• Study: Should you worry if your surgeon operated the night before?

    New in JAMA:

    Importance  The effect of surgeons’ disrupted sleep on patient outcomes is not clearly defined.

    Objective  To assess if surgeons operating the night before have more complications of elective surgery performed the next day.

    Design, Setting, and Participants  Population-based, matched, retrospective cohort study using administrative health care databases in Ontario, Canada (2012 population, 13 505 900). Participants were 2078 patients who underwent elective laparoscopic cholecystectomies performed by surgeons who operated the night before, matched with 4 other elective laparoscopic cholecystectomy recipients (n = 8312).

    Exposure  In total, 94 183 eligible elective laparoscopic cholecystectomies were performed between 2004 and 2011. Of these surgeries, there were 2078 procedures in which 331 different surgeons across 102 community hospitals had operated between midnight and 7 am the night before. Each “at-risk” surgery was randomly matched with 4 other elective laparoscopic cholecystectomies (n = 8312) performed by the same surgeon, who had no evidence of having operated the night before.

    Main Outcomes and Measures  The primary outcome was conversion from a laparoscopic cholecystectomy to open cholecystectomy. Secondary outcomes included evidence of iatrogenic injuries or death. Risks were quantified using generalized estimating equations.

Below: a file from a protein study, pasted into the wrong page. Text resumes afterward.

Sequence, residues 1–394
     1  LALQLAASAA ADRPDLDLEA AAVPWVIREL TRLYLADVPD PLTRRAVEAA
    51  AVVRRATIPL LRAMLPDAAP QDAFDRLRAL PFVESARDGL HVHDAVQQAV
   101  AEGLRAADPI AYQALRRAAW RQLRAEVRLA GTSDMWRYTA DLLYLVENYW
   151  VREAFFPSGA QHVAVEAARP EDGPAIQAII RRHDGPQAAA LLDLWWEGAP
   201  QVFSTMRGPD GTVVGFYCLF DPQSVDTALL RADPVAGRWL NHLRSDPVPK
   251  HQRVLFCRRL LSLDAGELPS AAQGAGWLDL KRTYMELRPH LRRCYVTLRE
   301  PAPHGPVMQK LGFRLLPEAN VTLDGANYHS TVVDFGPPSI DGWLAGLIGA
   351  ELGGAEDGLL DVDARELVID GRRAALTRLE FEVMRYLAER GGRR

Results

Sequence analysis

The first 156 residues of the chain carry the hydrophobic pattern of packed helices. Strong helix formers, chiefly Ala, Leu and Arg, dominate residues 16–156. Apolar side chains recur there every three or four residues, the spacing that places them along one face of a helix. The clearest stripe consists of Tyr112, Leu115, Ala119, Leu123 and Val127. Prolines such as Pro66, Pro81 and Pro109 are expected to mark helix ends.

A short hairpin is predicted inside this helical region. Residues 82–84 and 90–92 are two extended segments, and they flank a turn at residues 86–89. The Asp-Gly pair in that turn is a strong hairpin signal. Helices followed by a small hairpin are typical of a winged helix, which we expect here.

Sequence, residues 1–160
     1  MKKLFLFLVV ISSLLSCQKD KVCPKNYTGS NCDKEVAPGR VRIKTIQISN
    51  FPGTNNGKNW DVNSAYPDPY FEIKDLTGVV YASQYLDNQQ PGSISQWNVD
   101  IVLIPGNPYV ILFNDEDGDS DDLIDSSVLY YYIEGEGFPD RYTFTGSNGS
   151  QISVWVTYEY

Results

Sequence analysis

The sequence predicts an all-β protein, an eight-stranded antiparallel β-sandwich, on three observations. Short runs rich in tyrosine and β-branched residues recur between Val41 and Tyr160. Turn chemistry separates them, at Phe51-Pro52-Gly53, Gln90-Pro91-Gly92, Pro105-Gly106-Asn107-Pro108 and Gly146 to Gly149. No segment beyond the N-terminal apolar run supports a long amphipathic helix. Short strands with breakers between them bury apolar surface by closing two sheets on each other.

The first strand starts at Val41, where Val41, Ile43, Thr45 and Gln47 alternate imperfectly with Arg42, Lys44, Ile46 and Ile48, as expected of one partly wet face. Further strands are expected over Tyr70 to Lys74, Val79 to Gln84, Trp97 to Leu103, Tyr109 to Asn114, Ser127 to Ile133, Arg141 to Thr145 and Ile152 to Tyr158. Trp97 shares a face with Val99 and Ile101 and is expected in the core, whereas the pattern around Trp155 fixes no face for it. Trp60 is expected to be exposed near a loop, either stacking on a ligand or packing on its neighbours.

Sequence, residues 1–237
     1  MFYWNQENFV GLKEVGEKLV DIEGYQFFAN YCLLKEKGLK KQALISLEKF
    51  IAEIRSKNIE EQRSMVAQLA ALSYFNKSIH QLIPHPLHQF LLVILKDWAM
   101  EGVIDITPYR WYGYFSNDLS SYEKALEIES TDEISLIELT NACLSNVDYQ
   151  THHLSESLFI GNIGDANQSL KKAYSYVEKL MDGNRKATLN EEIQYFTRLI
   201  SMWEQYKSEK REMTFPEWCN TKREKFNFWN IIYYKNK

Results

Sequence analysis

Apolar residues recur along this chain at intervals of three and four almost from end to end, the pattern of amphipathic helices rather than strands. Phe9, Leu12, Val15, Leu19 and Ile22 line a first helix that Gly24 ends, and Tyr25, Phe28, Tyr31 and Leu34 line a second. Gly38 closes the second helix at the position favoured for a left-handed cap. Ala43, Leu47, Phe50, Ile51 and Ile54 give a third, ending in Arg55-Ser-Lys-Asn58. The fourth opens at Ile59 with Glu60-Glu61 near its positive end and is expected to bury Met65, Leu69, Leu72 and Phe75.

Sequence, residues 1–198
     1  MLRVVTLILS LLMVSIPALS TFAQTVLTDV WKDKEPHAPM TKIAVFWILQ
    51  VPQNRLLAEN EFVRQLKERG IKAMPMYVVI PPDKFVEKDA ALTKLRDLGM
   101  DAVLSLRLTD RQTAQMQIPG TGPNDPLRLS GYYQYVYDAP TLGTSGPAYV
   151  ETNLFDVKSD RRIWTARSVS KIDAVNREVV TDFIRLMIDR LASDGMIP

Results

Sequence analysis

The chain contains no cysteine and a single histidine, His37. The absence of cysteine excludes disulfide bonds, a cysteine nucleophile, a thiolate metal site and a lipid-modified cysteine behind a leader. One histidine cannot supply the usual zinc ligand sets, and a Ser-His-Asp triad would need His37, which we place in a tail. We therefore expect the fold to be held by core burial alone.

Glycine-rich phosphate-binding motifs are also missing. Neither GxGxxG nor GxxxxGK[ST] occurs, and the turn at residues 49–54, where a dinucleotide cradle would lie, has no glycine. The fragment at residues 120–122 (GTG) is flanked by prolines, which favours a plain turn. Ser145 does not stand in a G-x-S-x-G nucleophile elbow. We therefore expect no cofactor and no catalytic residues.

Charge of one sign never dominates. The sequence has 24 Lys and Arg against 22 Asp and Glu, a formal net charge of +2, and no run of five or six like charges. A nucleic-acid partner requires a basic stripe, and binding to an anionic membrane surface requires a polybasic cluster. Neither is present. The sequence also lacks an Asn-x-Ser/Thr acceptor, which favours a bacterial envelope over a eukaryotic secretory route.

They found that there was no significant association in the rates at which laproscopic cholecystectomies had to be converted to open cholecystectomies related to whether surgeons operated the previous night. They also found no associations between operating the night before and iatrogenic injuries during surgery, or in deaths from surgery.

    In other words, this study found no evidence to support the idea that there are safety concerns with surgeons who operated the night before with respect to elective daytime cholecystectomies. Good news!


    • Yes, Dr. Carroll, there is some good news to be found here.

      Better news would be that informed consent for surgery would include information about the rested state of the surgeon. This is analogous to the driving/resting logs of long-haul truckers and the even more stringent rules for the rested state of airline pilots.

    • I can’t access the paper, so I can’t tell whether the authors address this, but…

      Is there an endogeneity problem here? Just thinking – if a surgeon is above-average, their services may be in higher demand, and thus they may be more likely to operate frequently, and therefore may be more likely to have operated more recently relative to the present operation than a surgeon who is below-average. That could essentially mean that even if lack of rest reduces surgical ability the effect may be balanced out by the higher quality of surgeons who have less rest.

      • I’m not sure if being called to operate at night has to do with surgical skill as much as with who is on call that particular night (which rotates).

    • Was there sufficient power to detect a difference? That should be ther first question asked after any ‘negative’ study. I’ll try to have a look at the paper and get back to you …